Nature on a grand scale: hike trails, scale peaks and explore dramatic landscapes in Arizona
Arizona is the gateway to some of the most awe-inspiring nature in the world – a playground for those who yearn to be in the great outdoors. It’s the sort of place where the never-ending desert, colossal canyons and bold bursts of colour will have you feeling incredibly humbled and incredibly small.
Though you likely can’t cover this Western state in one trip, you can be selective about where you choose to visit, so you can experience this utterly enticing slice of America in the best way possible. Diverse climates and landscapes make Arizona the ideal year-round destination to explore; just plan accordingly whilst sticking to the single most important rule: be respectful of land, animals and cultures.
As one of the world’s seven natural wonders, the Grand Canyon welcomes more than 6 million visitors every year. Most people traverse the South Rim viewing platforms, which means there are hundreds of unexplored miles of magnificent monoliths and rusty red rims.
The North Rim is an uncrowded, quieter way to get to know the Grand Canyon (open seasonally May to October), whilst the West is suitable for shorter visits – it also houses the Skywalk, a glass rim that hovers 4,000 feet above the canyon floor. If you have the time and are seeking a little more thrill, consider hiking on the canyon floor. Trailheads will lead you into the canyon, between formations carved over millions of years by the Colorado River.
Sprawling 27,000 miles of vast desert around the Four Corners region in northeast Arizona, The Navajo Nation is home to the largest American Indian tribe and is chock full of some of the state’s most breathtaking landscapes.
Straddling the border between Arizona and Utah, Monument Valley is an inarguably beautiful slice of the state. Ancient, rugged and dotted with red-hued sandstone buttes shaped by years of extreme weather. It’s a must-visit for photographers, budding geologists and cowboy film fanatics – Wild Wild West and Stagecoach were filmed here.
When you’re not busy reimagining ranch life in Hollywood blockbusters, hike the Wildcat Trail, a reasonably even route that loops around West Mitten Butte and takes around three hours to complete – past spiky bursts of yucca and between red rock pinnacles.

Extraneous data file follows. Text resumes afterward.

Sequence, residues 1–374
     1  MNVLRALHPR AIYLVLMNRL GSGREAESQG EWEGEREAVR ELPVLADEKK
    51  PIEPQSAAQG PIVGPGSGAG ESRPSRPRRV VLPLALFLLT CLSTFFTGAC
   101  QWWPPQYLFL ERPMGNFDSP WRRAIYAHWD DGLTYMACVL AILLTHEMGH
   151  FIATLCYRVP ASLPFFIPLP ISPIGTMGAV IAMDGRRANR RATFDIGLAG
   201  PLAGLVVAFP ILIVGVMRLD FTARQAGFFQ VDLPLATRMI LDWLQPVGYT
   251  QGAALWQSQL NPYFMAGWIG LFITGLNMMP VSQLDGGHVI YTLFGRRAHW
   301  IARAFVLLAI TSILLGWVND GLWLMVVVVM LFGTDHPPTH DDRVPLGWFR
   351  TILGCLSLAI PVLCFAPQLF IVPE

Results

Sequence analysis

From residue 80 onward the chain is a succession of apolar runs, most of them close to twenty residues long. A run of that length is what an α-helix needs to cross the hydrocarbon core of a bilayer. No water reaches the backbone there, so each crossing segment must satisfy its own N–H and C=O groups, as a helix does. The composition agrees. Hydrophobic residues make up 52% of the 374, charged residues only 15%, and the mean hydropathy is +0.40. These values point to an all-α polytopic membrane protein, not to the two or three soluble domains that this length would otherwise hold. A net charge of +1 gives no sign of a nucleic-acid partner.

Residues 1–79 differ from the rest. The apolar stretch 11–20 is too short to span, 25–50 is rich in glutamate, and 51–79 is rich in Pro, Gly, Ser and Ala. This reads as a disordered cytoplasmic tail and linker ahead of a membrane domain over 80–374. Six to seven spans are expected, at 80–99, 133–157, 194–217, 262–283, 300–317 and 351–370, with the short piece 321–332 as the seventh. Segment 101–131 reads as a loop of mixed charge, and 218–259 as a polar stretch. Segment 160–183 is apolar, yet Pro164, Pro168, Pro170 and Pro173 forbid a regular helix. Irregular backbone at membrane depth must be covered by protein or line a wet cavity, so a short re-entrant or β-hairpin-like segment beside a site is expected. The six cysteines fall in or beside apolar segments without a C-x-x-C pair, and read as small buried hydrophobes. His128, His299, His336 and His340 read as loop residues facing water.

Antelope Canyon sits two hours west of Monument Valley, a pristine slot canyon shaped by millions of years of water and wind erosion. Guided tours are required if you want to hike between the deep martian red walls, where some parts of the canyon require stairways, ladders and expert skill to reach.
When you’ve finished exploring Antelope’s ruby-red cliffs, hop in the car and head 12 minutes west to Horseshoe Bend, one of the most photographed wonders of Arizona. Take the short 1.25-mile roundtrip hike around the snake-like trail, ending at the cliff that overlooks the Colorado River. Or, if you want a different view from the river, rent a kayak and paddle around the Bend.
Take a trip back in time to Canyon de Chelly National Monument, the stuff of Wild West dreams, where ancient Pueblo ruins are sheltered and American Indians have lived for more than 5,000 years. Hike or bike the 130-mile loop around the canyon and take in views of the canyon from above, dotted with green cottonwood trees and tiny homes.
Drive the north or south rim routes and stop off to snap photos from various viewpoints along the way. Or, hire a Navajo guide armed with mind-blowing geological and historical knowledge, filling your ears as you traverse the canyon floor, by foot or Jeep, between Puebloan ruins and crimson-red walls.
One of the best ways to get acquainted with the Sonoran Desert is to clock up your steps hiking in Saguaro National Park and Chiricahua National Monument.
Located in southern Arizona, Saguaro National Park flanks the city of Tucson to the east and west, providing a kaleidoscope of landscapes home to all kinds of Arizonan flora and fauna.
Here, keep your eyes peeled for Mexican spotted owls, gila monsters, desert tortoises and more than 200 species of birds. There are more than 170 miles of trails to explore for all levels of hikers, which take you among the undisputed kings of the Sonoran desert – the giant saguaro cacti, iconic spiky symbol of the American Southwest.
You’ll find the Chiricahua National Monument one hundred miles east of Tucson, an ethereal sky-island landscape dotted with ancient rock spires and sky-high pinnacles. For those who thirst for adventure, embark on any of the 17 miles of hiking trails that’ll lead you through balanced boulders and between towering hoodoos, retracing the footsteps of Chiricahua Apaches and early American adventurers.
To find out more about Arizona, discover incredible experiences, unmissable events and festivals, get travel inspo and plan your trip, head to Visit Arizona. You can fly to Arizona direct via British Airways or American Airlines – find out more here